The last time a lot of people saw you was the Tito Ortiz fight back in November. You posted a video afterwards about how you were going into that fight looking for a sense of purpose. Roughly 10 months later, do you feel that you found it?

Yeah, I think I got that part out of my system that allowed me to go... Kind of looking back, I wish I'd respected the fact that I'd been out of a fight camp for eight years.

Thing is, I talk about ring rust. I was never worried about ring rust because it was never a thing but half of my career, even if I had a year off, during that year, I'd been in three camps for other people. This is eight years of no camp at all. So, you know, I didn't really respect it as much as I should've. I think it lit a fire under my ass to get going and doing something else and get serious about something else. So, and movies is one of those things I really still enjoy doing. If I'm not going to be fighting I've got to find something else I really can put my energy behind and start working at.

Are you indeed retired?

Yeah, I'm retired. I don't think I'll be stepping back in.

During an interview you did with Larry King last year leading up to the Ortiz fight the subject of WWE came up. At any point during your fighting career did Vince McMahon ever reach out to you with an offer to wrestle?

No. Actually, I used to hang out with Shane McMahon every once in a while, we would go out and party sometimes. Good dude. And he said 'If you're ever seriously interested about coming over we should talk.' But, you know I never really... I love fighting and I love being in real fighting and I mean I got nothing against WWE. I wouldn't mind doing that now too. It's just acting, going out and doing the acting. That's more like acting. Those guys, they're very, it's a lot of training for those guys. Those guys do some pretty impressive things in the ring as far as... I mean it's all staged, but it's still you know, it's not easy.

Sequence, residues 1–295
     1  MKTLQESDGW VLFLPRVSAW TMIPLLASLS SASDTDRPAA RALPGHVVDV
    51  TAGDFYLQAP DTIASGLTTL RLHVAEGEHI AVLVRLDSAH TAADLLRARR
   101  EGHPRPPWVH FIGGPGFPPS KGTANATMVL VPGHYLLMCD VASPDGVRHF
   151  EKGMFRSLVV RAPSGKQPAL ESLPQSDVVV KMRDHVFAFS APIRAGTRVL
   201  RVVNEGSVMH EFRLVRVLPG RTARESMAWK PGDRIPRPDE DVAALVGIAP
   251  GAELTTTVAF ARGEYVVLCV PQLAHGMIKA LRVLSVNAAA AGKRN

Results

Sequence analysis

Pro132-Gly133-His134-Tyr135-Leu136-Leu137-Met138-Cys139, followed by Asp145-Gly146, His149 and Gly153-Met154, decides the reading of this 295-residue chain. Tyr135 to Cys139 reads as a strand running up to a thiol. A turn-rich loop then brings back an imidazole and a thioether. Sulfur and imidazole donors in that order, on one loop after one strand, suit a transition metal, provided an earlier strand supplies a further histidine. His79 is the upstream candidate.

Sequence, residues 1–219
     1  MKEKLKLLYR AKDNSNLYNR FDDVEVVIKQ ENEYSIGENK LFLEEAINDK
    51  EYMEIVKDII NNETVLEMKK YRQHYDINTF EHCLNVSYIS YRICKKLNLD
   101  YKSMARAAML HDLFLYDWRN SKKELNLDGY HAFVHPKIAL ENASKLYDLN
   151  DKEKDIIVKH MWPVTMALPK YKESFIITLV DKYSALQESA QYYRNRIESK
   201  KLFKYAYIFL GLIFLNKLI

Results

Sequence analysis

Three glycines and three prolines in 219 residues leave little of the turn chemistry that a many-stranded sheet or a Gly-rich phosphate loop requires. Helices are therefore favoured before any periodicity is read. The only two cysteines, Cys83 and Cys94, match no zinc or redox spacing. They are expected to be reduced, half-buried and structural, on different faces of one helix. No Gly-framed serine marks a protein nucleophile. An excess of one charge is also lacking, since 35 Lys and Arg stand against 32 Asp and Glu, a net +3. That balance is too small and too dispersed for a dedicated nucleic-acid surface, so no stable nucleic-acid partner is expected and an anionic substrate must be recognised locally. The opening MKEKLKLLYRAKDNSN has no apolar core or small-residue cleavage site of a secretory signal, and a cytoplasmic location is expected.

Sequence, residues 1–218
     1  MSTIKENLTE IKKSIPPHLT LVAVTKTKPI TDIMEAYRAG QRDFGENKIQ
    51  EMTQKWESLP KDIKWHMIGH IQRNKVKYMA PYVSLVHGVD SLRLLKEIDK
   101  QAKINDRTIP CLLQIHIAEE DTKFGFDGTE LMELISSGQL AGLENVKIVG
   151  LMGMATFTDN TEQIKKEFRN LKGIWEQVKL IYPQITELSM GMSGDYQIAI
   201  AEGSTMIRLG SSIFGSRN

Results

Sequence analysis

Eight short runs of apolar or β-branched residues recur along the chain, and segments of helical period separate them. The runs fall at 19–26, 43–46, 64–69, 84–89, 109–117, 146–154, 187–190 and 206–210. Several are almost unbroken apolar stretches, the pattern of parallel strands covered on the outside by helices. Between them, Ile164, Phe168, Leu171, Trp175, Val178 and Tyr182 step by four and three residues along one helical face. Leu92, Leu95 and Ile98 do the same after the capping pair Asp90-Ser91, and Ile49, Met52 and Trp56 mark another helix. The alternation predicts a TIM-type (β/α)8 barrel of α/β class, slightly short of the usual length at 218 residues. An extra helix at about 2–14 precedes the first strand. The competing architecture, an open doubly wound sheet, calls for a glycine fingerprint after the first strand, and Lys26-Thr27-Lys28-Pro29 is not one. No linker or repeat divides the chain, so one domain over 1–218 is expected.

One of the things I've always had with that sport too, is... the difference between my sport and their things, see you're putting your trust in the other guy not to hurt you. Surrendering your body to him. Like, throw you and hope he doesn't hurt you. In my sport, I'm responsible for you not hurting me. I like having the responsibility on my end not yours.

In the past few years we've seen a lot of MMA fighters make the jump to wrestling. Why do you think a lot of fighters are finding success jumping from one to the other?

I think you bring the fan base with you. And then, if you can get out there and perform and do your [stuff], it's a little more over the top. I mean you see a lot of that with the fighters nowadays in the UFC. Seems like they're taking a cue from the WWE guys, some of them.

You just get a little more over the top with the guys. Some things you've done before. You've faced-off with people, you've talked s— to guys. There's a lot of going back and forth. I think to do that it's just setting if you're willing to get out there and perform.

D-Day will be available in select theaters and on VOD and digital Friday, September 13.